Getting in the Right Frame of Mind
with SOLIDWORKS Reference Geometry
When designing in SOLIDWORKS it is good practice to use reference geometry. Reference geometry can be any one of planes, axis, edges, or faces that are used to help establish restraints on edges, faces, vertices, and beam joints. While frequently used when creating sketches and features, they can also be used in assemblies. In this post we will cover the reference geometry options that are available to designers.
The Reference Geometry options are located under the Reference Geometry menu, on the assembly tab in the command manager. We’ll start with reference planes. You can use reference planes to restrict degrees of freedom and they can be used for translational and rotational purposes.
When we use axis as reference geometry we notice that there are similarities between axis and planes.
We also have coordinate systems. There is the global coordinate system which is at the origin of the part and assembly model and there is the local coordinate system which can be treated like global coordinate systems. They are used when applying restraints and loads in any direction when analyzing a model.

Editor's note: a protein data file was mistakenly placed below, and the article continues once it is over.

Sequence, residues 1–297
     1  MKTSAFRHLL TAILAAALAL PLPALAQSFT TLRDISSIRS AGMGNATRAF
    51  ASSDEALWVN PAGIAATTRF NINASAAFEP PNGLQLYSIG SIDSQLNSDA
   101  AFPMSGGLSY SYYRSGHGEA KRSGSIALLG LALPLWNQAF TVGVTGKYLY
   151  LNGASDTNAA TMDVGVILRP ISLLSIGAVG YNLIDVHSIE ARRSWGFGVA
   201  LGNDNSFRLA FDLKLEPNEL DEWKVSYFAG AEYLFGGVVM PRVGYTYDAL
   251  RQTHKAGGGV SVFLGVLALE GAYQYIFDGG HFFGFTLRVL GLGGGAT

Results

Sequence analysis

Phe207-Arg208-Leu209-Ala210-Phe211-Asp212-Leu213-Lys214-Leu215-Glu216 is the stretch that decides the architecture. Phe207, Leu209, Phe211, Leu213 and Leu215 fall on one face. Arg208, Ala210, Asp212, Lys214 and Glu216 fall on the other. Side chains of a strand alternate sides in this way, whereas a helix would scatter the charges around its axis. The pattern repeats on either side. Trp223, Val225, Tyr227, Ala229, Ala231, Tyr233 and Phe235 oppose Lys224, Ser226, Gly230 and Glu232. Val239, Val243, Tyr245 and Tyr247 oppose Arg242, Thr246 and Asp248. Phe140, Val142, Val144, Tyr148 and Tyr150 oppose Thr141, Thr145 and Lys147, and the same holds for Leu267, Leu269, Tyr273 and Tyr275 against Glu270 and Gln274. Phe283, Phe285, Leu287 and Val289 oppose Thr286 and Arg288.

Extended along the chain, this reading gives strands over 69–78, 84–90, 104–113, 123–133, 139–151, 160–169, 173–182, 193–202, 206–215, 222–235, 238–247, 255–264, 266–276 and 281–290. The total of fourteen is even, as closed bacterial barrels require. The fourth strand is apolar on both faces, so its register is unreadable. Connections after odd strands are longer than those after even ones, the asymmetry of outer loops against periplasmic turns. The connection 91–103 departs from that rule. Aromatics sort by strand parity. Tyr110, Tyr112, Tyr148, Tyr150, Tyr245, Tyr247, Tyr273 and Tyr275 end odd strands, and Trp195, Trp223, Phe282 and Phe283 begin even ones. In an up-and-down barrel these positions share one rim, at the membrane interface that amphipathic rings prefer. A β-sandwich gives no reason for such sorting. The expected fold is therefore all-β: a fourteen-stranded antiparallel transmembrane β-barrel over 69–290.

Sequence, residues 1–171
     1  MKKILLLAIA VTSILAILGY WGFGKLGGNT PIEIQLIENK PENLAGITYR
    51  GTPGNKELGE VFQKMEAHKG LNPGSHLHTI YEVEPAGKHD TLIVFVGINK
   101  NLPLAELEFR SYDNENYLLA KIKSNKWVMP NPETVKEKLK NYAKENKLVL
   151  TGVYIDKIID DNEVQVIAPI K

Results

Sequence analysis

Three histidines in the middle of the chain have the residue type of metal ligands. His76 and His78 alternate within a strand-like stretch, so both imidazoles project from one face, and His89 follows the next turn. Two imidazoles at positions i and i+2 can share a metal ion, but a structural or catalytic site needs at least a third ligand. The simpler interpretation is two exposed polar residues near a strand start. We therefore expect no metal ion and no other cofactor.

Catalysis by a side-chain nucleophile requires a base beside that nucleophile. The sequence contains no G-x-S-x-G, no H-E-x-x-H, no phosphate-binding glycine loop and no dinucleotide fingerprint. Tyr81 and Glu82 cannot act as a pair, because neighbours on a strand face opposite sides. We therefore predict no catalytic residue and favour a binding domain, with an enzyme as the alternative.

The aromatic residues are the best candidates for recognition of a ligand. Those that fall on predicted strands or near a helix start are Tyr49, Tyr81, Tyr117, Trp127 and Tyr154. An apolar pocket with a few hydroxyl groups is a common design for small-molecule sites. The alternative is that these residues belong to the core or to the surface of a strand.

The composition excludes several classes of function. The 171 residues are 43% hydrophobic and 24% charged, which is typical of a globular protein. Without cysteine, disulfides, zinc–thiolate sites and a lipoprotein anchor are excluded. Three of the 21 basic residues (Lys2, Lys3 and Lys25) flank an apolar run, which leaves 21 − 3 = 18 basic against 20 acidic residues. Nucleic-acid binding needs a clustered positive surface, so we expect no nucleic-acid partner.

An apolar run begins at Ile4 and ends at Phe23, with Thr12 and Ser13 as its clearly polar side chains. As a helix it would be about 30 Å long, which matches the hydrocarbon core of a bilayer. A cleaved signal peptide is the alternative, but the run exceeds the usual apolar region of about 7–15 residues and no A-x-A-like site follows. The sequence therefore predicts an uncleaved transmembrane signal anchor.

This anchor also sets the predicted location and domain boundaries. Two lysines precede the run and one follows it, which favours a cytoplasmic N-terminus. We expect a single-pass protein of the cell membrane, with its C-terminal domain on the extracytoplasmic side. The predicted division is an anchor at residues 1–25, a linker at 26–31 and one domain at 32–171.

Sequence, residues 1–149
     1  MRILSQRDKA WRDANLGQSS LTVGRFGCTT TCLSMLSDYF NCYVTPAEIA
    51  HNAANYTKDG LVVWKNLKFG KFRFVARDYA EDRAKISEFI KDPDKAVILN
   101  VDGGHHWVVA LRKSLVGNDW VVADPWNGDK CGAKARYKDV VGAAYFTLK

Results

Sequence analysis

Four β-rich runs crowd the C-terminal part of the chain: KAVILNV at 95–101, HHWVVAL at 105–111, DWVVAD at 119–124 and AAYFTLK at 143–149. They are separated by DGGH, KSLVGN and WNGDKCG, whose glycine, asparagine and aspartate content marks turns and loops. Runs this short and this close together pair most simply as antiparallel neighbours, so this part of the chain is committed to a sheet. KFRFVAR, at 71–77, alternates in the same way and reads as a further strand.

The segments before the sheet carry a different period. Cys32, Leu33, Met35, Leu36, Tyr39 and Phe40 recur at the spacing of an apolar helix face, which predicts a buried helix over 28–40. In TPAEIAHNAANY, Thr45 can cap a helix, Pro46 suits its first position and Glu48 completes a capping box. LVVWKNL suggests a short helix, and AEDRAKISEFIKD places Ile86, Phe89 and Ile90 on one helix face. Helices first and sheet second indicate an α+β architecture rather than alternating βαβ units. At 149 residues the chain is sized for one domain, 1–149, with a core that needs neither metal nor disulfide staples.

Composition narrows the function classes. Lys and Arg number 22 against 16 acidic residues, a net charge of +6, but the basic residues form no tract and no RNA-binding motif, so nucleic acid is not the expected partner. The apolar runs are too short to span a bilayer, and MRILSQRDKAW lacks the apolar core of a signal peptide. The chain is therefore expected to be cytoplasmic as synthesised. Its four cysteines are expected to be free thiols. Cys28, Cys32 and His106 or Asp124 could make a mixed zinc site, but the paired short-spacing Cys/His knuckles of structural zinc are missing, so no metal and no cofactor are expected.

The next reference geometry to discuss is Point. Points are used in several ways for references. They can be used as construction geometry, location points in patterns and locations points in assemblies. They can be applies as single point references or multiple along a curve.
As we design we can even create a center of mass as a reference geometry. Even though we are not able to use the COM to drive dimensions, we are able to create COM reference points. A special note is that the COM can only be created in a part model.
Bounding boxes are great references when trying to determine the smallest box in which the body fits. The best example would be determining a required shipping package for a particular model.